Fine-tune a TorchVision Model with Keras and WandB

Using Keras to fine-tune a pre-trained model from Torchvision.

April 9, 2023

This notebook demonstrates

Installing and Importing the Dependencies

  • We install the main branch of KerasCore, this lets us use the latest feature merged in KerasCore.
  • We also install wandb-addons, a library that hosts the backend-agnostic callbacks compatible with KerasCore
# install the `main` branch of KerasCore
!pip install -qq namex
!apt install python3.10-venv
!git clone && cd keras-core && python --install

# install wandb-addons
!pip install -qq git+

We specify the Keras backend to be using torch by explicitly specifying the environment variable KERAS_BACKEND.

import os
os.environ["KERAS_BACKEND"] = "torch"

import numpy as np
import matplotlib.pyplot as plt

import torch
import torch.nn as nn
import torch.nn.functional as F

import torchvision
from torchvision import datasets, models, transforms

import wandb
from wandb_addons.keras import WandbMetricsLogger, WandbModelCheckpoint

We initialize a wandb run and set the configs for the experiment.


config = wandb.config
config.batch_size = 4
config.num_epochs = 25

A PyTorch-based Input Pipeline

We will be using the ImageNette dataset for this experiment. Imagenette is a subset of 10 easily classified classes from Imagenet (tench, English springer, cassette player, chain saw, church, French horn, garbage truck, gas pump, golf ball, parachute).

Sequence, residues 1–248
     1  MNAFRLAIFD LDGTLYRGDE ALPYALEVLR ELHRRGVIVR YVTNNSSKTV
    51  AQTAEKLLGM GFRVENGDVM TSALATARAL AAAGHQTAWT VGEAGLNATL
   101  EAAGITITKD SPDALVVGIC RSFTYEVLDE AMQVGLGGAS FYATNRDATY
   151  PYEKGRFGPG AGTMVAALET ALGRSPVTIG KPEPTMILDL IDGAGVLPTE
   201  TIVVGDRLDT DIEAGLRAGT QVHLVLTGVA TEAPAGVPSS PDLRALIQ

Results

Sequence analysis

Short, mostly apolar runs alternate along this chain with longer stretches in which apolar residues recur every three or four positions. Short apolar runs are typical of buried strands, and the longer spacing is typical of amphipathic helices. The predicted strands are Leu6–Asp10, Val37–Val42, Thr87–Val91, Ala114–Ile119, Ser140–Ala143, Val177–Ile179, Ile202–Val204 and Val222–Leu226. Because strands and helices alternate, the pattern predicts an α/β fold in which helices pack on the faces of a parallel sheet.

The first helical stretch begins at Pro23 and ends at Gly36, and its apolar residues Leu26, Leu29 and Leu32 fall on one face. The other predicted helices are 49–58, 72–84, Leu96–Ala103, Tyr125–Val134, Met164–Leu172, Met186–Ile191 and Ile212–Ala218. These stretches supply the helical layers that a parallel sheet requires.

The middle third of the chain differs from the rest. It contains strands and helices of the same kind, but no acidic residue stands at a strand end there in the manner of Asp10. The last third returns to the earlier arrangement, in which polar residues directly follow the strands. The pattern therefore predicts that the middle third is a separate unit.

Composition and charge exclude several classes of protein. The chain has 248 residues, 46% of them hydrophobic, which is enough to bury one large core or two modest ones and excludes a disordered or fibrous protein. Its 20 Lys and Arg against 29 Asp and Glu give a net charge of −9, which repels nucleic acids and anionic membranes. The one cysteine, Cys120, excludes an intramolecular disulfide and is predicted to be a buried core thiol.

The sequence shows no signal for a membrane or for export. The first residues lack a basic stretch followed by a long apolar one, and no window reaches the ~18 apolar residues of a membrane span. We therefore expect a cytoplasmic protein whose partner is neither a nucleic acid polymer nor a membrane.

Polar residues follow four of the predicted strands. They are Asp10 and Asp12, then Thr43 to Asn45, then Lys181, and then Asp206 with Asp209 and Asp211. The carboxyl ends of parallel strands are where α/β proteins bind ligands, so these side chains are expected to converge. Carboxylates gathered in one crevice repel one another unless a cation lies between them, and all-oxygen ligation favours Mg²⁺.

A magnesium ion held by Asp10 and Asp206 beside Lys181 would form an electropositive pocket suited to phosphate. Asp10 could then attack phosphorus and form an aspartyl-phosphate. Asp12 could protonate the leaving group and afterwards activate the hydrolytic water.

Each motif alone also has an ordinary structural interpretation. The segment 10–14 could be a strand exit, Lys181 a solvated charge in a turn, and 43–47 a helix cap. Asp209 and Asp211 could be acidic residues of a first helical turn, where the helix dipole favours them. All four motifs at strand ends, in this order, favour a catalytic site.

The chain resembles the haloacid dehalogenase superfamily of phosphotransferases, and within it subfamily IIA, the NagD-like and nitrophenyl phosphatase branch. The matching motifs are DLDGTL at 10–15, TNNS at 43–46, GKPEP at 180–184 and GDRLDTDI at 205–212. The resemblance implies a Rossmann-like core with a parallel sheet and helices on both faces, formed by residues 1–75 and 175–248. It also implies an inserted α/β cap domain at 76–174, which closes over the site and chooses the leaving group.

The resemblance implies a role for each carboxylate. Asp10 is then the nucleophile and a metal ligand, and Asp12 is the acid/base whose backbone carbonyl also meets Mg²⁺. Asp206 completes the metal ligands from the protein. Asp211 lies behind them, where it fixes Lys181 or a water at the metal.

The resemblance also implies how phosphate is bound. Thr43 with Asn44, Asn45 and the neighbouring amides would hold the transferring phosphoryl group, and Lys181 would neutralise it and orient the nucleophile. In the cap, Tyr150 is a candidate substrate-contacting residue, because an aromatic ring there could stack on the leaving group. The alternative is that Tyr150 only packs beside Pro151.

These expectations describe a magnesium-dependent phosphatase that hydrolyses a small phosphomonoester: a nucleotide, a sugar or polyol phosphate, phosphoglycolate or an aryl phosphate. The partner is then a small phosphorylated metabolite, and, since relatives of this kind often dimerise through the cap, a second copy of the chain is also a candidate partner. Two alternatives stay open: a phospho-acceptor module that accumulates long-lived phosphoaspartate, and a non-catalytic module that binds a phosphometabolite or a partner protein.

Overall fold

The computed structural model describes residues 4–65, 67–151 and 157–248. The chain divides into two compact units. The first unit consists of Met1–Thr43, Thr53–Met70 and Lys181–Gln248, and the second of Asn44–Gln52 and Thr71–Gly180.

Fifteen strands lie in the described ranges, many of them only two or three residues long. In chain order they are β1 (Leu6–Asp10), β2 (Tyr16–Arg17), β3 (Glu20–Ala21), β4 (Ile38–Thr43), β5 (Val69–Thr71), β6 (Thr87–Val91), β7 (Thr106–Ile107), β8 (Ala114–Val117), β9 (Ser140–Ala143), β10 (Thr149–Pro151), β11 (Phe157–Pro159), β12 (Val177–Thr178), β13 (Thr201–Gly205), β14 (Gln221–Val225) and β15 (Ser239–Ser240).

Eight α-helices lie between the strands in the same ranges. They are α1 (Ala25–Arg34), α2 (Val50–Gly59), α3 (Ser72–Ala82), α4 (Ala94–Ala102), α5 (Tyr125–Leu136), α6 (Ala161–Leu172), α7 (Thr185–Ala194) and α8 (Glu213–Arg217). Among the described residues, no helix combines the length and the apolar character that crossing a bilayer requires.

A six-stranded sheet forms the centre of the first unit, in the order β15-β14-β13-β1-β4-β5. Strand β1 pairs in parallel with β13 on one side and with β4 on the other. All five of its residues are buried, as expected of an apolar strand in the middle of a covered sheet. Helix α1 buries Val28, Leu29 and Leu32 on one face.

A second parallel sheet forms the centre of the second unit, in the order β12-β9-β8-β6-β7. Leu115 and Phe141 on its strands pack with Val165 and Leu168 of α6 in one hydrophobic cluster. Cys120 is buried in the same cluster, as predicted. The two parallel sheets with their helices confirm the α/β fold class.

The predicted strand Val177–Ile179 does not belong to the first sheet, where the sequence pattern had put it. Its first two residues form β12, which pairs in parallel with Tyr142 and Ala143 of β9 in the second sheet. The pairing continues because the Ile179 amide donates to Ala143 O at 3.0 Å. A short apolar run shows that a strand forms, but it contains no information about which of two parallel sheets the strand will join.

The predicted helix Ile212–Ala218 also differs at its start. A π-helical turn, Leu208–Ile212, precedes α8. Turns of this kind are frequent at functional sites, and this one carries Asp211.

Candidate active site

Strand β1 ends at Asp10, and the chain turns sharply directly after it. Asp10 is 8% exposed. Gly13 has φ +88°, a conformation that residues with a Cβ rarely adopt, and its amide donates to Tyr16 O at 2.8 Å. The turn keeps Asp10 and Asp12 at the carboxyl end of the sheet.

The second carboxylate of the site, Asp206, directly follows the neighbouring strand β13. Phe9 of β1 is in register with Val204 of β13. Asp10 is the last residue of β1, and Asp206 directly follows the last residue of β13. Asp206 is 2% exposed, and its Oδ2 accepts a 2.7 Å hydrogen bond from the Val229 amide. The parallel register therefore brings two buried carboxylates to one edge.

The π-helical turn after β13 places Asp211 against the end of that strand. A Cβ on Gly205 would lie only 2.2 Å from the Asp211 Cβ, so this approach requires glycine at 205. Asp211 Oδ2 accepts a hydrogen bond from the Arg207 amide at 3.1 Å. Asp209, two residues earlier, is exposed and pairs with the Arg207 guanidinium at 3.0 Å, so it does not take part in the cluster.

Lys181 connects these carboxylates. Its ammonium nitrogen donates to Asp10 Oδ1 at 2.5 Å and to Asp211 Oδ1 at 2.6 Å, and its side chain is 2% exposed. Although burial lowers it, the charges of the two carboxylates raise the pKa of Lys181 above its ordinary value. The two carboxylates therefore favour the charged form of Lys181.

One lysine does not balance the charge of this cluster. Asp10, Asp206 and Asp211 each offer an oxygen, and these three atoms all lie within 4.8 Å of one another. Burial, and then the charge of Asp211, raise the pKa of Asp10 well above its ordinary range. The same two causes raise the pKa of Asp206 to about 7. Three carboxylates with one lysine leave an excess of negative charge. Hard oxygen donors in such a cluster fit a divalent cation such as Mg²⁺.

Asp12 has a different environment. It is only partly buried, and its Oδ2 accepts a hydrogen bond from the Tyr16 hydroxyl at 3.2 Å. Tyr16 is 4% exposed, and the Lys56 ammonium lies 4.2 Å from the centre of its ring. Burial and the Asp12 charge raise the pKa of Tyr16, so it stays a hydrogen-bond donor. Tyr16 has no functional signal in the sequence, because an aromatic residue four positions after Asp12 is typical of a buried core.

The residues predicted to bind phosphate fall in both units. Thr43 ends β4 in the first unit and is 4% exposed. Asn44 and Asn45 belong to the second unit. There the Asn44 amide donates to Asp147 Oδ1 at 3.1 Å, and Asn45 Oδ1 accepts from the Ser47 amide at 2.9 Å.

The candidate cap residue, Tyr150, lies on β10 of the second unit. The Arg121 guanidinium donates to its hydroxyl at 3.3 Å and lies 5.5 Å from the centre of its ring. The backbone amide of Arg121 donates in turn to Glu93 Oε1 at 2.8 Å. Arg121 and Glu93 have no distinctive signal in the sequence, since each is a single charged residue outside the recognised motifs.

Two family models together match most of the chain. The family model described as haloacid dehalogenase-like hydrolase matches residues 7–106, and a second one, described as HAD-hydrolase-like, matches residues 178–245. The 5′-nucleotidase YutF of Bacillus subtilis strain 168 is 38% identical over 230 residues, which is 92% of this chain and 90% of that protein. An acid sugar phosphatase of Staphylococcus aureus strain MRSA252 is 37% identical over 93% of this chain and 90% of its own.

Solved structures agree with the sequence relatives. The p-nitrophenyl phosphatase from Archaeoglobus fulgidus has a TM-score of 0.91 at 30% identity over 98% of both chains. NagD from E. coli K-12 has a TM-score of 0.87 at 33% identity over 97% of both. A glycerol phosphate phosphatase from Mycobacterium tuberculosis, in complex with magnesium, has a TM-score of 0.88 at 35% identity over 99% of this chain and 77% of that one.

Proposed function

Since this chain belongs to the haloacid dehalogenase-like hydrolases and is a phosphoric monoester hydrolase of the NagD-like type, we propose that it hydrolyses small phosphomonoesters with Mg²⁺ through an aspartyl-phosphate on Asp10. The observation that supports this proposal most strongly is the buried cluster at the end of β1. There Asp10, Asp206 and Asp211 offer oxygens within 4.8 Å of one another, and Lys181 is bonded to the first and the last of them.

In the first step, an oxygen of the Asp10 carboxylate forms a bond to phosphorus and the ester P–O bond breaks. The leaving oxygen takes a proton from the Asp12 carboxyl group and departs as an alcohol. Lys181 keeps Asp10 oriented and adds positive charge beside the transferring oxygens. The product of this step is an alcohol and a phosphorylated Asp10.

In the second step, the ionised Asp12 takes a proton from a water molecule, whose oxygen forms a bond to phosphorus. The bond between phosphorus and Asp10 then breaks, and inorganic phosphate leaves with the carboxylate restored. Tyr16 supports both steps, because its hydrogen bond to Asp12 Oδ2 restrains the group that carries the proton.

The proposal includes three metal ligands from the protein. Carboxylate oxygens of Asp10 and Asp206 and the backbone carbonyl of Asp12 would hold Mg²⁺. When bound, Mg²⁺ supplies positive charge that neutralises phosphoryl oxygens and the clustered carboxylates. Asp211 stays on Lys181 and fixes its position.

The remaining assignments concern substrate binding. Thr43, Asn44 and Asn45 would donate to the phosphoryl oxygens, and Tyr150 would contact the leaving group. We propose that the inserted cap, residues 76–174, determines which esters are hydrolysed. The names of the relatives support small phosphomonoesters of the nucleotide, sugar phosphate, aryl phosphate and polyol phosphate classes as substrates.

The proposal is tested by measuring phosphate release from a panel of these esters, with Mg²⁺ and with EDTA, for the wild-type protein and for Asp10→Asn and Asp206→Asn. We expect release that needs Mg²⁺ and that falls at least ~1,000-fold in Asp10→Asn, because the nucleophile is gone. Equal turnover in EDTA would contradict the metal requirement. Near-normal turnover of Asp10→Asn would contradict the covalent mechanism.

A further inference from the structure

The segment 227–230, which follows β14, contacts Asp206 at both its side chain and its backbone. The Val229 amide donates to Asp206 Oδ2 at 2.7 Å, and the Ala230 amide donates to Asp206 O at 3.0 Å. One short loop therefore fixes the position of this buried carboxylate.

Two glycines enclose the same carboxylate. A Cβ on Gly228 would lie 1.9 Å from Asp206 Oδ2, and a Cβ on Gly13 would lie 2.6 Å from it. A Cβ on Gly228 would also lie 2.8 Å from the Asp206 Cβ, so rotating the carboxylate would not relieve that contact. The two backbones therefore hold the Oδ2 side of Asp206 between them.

First, let’s download this dataset.

!wget -P imagenette
!tar zxf imagenette/imagenette2-320.tgz -C imagenette
!gzip -d imagenette/imagenette2-320.tgz

Now, we create our standard torch-based data loading pipeline.

# Define pre-processing and augmentation transforms for the train and validation sets
data_transforms = {
    'train': transforms.Compose([
        transforms.Normalize([0.485, 0.456, 0.406], [0.229, 0.224, 0.225])
    'val': transforms.Compose([
        transforms.Normalize([0.485, 0.456, 0.406], [0.229, 0.224, 0.225])

# Define the train and validation datasets
data_dir = 'imagenette/imagenette2-320'
image_datasets = {
    x: datasets.ImageFolder(
        os.path.join(data_dir, x), data_transforms[x]
    for x in ['train', 'val']

# Define the torch dataloaders corresponding to the train and validation dataset
dataloaders = {
    for x in ['train', 'val']
dataset_sizes = {x: len(image_datasets[x]) for x in ['train', 'val']}
class_names = image_datasets['train'].classes

# Specify the global device
device = torch.device("cuda" if torch.cuda.is_available() else "cpu")

Let’s take a look at a few of the samples.

def imshow(inp, title=None):
    """Display image for Tensor."""
    inp = inp.numpy().transpose((1, 2, 0))
    mean = np.array([0.485, 0.456, 0.406])
    std = np.array([0.229, 0.224, 0.225])
    inp = std * inp + mean
    inp = np.clip(inp, 0, 1)
    if title is not None:
    plt.pause(0.001)  # pause a bit so that plots are updated

# Get a batch of training data
inputs, classes = next(iter(dataloaders['train']))
print(inputs.shape, classes.shape)

# Make a grid from batch
out = torchvision.utils.make_grid(inputs)

imshow(out, title=[class_names[x] for x in classes])